The digestive process

Did you know that a single cow, in a 305-day production cycle, can give enough milk to meet the annual milk and dairy products needs of 100 people?

The volume of milk produced by the cow depends on her genetic characteristics, breed and physical condition. It may also vary according to the quantity and quality of pasture, fodder or grain fed to the cow. An average Quebec cow produces more than 8,000 litres of milk a year.


Food in the cow’s mouth is masticated a first time to reduce the length of grass or hay. When she eats, the cow chews very little and swallows her food almost whole. The cow has no upper incisors. When she grazes, she doesn’t cut the grass with her teeth, but pulls on it to tear it.

Cows can be fed with field grass and silage composed of alfalfa, millet and corn. Silage is a conservation process that allows the food to ferment, providing it with added nutritional value. Cows also eat mineral or soybean-based mashes and grains such as barley.


The food then passes through the oesophagus to the first compartment, the rumen.


This is the compartment with the biggest reservoir and the most important role. This is where the fodder and grain ferment. These foods could not be transformed by another mammal’s stomach and absorbed by its blood. The bacteria in the rumen are what make the difference in cows. They partially transform foods into substances that the cow’s digestive system can use.

Food stays in the rumen for 24 to 48 hours.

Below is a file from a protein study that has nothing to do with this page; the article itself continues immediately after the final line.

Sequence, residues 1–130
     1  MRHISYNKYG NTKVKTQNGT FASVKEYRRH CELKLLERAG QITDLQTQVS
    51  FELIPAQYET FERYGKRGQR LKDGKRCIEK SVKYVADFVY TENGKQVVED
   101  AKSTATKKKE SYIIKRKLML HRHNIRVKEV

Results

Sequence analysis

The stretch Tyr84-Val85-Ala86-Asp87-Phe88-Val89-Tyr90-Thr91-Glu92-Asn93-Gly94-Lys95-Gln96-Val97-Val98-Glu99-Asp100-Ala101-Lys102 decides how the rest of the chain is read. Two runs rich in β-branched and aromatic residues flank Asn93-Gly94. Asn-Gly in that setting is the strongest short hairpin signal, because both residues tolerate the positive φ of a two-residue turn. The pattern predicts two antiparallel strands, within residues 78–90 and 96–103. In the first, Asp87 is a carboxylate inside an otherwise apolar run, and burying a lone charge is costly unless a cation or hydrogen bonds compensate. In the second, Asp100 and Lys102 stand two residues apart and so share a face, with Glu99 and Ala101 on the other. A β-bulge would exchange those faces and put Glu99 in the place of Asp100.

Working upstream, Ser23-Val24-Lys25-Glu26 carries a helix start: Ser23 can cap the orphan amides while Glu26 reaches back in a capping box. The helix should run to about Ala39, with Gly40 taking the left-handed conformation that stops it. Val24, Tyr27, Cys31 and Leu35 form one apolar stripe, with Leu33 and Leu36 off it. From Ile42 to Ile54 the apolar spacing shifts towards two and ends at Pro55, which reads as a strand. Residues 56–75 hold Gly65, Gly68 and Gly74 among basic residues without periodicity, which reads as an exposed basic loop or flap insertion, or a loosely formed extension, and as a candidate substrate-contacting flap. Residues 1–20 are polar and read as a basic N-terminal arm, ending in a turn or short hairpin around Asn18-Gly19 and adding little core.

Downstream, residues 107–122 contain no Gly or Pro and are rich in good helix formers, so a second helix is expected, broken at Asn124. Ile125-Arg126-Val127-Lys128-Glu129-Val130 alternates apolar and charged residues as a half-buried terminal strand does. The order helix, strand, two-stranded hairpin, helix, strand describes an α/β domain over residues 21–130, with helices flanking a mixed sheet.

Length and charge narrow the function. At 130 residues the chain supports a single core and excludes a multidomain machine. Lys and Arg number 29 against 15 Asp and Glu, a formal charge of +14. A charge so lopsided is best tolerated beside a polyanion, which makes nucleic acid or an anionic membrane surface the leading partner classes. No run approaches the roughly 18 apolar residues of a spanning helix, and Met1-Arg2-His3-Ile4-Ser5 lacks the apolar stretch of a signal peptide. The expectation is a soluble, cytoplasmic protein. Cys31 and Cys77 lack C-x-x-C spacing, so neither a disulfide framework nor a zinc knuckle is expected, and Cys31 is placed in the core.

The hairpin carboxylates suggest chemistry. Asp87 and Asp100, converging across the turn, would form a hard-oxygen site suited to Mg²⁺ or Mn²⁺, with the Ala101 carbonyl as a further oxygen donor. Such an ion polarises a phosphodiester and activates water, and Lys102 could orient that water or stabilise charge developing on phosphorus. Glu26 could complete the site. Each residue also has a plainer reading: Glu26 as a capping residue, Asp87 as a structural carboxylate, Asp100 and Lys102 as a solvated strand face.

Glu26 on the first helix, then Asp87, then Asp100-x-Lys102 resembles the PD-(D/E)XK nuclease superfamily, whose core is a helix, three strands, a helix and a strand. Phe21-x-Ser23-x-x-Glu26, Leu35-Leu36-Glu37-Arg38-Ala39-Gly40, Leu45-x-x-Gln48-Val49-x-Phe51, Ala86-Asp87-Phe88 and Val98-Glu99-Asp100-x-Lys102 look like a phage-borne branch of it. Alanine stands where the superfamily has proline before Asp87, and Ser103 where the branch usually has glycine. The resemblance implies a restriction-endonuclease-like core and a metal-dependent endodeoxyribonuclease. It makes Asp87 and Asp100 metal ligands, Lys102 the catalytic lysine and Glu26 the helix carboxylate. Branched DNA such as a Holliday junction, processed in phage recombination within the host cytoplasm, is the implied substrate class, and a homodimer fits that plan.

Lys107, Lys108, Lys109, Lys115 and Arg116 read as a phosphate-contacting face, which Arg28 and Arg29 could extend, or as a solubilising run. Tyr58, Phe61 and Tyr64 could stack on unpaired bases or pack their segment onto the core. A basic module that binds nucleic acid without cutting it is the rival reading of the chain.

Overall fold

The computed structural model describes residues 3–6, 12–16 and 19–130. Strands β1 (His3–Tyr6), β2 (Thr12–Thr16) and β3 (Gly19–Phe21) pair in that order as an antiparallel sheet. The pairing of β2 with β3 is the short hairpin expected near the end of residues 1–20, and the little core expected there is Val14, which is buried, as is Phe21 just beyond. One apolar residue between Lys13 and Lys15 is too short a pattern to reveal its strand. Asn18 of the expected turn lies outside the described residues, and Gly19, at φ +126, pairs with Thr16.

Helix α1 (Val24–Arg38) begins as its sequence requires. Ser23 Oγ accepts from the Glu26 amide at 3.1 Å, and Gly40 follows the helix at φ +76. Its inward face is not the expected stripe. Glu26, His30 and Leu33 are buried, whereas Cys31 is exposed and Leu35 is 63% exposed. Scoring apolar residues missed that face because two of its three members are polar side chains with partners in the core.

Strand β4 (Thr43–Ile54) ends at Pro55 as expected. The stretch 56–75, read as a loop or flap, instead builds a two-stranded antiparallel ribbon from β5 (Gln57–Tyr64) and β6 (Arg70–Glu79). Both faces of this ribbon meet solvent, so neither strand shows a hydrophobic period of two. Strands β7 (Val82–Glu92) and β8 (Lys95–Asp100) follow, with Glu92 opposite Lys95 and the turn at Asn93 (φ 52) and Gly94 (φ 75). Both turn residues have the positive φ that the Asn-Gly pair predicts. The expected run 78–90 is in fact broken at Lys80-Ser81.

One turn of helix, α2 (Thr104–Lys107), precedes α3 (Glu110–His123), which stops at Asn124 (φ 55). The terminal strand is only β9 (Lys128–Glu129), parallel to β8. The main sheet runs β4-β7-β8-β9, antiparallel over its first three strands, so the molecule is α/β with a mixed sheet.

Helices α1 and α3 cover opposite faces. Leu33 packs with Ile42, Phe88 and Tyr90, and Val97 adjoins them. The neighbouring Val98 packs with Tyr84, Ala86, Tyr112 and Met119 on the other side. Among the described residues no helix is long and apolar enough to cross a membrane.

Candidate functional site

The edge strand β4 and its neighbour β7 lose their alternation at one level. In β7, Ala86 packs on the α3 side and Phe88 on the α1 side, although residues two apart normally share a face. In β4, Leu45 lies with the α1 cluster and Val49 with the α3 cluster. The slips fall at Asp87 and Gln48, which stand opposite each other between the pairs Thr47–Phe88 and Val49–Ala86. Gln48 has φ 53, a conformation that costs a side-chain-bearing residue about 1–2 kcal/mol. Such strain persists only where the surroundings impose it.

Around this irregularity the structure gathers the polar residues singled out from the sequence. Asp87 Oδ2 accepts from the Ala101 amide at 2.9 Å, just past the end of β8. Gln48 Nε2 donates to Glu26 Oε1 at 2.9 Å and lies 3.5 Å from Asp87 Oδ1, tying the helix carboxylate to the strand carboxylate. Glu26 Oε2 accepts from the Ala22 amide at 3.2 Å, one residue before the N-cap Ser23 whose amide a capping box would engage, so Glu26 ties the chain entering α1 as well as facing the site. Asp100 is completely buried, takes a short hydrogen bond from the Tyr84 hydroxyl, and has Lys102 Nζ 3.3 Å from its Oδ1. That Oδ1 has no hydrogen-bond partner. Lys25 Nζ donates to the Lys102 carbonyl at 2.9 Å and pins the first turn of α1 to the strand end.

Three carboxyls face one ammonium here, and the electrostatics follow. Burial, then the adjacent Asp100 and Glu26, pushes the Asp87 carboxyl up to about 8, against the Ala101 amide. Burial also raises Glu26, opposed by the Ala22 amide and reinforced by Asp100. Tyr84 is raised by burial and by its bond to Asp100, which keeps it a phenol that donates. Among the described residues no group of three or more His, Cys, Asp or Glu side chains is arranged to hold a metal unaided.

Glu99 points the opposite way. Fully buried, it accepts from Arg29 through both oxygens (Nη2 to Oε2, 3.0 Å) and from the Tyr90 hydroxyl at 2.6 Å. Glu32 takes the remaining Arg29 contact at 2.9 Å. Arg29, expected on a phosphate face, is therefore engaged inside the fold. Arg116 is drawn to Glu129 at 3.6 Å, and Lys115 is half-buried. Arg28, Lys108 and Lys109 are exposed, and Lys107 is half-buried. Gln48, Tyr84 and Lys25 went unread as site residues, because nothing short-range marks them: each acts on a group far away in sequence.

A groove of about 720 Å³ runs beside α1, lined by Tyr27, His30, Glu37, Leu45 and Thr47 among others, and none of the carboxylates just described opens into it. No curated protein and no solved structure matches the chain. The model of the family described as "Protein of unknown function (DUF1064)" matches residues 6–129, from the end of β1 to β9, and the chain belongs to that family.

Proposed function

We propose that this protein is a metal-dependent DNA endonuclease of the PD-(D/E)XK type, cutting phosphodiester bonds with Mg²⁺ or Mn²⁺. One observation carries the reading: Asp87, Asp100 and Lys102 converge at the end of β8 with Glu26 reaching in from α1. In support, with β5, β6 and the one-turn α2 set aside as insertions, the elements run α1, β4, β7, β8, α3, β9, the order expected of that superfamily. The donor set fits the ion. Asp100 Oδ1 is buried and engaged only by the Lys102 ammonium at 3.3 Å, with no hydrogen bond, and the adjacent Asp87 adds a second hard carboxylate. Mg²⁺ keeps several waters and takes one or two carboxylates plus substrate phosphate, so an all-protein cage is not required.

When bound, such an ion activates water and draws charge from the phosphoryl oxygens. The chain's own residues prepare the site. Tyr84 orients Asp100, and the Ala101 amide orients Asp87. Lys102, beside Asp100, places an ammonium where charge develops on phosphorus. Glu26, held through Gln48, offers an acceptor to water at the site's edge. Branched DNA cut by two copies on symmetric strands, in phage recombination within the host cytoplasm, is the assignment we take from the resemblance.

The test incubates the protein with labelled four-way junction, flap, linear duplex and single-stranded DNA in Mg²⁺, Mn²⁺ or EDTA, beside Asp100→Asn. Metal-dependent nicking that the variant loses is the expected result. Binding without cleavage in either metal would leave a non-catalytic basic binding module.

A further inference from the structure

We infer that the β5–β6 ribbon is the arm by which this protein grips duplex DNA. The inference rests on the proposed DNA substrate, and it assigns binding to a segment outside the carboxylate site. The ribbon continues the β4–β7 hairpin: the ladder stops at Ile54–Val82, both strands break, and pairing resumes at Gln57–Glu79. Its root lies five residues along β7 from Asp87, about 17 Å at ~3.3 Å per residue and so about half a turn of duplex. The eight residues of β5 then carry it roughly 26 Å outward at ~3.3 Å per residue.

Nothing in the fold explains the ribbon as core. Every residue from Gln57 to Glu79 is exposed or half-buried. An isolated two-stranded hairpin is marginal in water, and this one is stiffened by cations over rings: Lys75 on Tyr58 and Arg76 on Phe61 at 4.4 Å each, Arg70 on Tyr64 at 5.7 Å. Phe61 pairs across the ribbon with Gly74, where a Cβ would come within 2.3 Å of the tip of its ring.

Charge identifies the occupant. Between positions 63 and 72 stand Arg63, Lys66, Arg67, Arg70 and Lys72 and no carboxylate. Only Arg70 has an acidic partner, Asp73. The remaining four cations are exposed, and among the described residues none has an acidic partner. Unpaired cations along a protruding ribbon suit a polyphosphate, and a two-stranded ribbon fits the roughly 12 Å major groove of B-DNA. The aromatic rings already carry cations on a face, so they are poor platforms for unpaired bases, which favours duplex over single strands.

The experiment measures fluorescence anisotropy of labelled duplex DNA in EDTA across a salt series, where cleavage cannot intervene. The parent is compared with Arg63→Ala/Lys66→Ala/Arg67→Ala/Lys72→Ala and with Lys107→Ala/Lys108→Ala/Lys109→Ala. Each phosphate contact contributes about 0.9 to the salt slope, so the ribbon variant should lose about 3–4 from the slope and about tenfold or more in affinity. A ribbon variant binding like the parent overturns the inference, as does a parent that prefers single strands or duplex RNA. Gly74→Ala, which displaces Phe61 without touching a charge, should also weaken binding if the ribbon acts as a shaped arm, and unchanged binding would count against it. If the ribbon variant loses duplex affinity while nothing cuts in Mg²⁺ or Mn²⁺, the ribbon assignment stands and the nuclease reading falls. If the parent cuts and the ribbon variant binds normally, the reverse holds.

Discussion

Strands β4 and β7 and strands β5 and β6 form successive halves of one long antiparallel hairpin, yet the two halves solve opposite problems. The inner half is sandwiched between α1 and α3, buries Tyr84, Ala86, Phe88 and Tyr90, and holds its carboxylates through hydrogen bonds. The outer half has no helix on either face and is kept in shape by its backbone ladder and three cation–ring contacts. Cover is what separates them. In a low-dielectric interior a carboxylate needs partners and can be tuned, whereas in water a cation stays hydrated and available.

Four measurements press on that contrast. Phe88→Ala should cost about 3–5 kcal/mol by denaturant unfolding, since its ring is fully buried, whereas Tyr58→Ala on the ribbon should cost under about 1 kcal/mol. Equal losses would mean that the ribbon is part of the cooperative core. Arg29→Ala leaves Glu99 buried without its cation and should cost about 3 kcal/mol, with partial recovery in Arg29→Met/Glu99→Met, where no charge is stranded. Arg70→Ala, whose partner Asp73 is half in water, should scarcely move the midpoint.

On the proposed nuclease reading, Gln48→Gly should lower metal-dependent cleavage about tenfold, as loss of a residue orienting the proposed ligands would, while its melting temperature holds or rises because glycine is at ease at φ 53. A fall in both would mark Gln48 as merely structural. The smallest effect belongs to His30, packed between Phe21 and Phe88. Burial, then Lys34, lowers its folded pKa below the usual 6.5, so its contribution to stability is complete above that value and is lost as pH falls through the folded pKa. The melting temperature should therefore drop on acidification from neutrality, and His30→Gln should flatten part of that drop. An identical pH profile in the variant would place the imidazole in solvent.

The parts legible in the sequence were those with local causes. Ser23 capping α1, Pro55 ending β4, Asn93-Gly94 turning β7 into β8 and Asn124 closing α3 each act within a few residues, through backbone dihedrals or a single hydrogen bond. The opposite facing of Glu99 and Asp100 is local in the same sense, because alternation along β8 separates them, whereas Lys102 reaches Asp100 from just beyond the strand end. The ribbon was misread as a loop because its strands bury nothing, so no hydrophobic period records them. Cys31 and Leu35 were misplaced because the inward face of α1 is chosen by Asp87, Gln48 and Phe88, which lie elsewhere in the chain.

The foods that the cow consumes often consist of long particles that are too big for the rumen’s bacteria to digest them completely. The cow therefore regurgitates them to chew them several times until the particles are small enough. The cow is then said to be ruminating, or chewing her cud. Saliva also plays a major role because it furnishes elements used by the rumen’s bacteria. During rumination, saliva production can reach 250 to 300 ml/min or 1 litre every 3 to 4 minutes. Saliva production in cows exceeds 200 litres per day.

A cow can chew 50 to 70 times per minute for 10 to 12 hours per day, or 40,000 to 45,000 jaw movements per day.


Once the bacteria in the rumen have done their job, the food is directed to the reticulum, the smallest stomach. This ensures the continuity of fermentation and serves as a sort of sieve, retaining particles that are too long in the rumen, while allowing the small particles to continue their journey to the omasum. The retained particles will be regurgitated to be chewed again (rumination).


The omasum performs additional fermentation and retains part of the water impregnating the foods in the first two compartments.


This compartment of the cow’s stomach corresponds to the stomach of non-ruminants. This is where digestion as such begins.


Finally, the food enters the intestines to complete the digestive process and the resulting nutrients are absorbed.


The udder is the mammary organ that secretes the cow’s milk. The nutrients absorbed by the blood during the different stages of digestion are channeled into the udder’s mammary glands, where the components of milk are synthesized. For each litre of milk produced, 500 litres of blood enter the udder.


The four teats allow the calf to suckle and the farmer to milk the cow.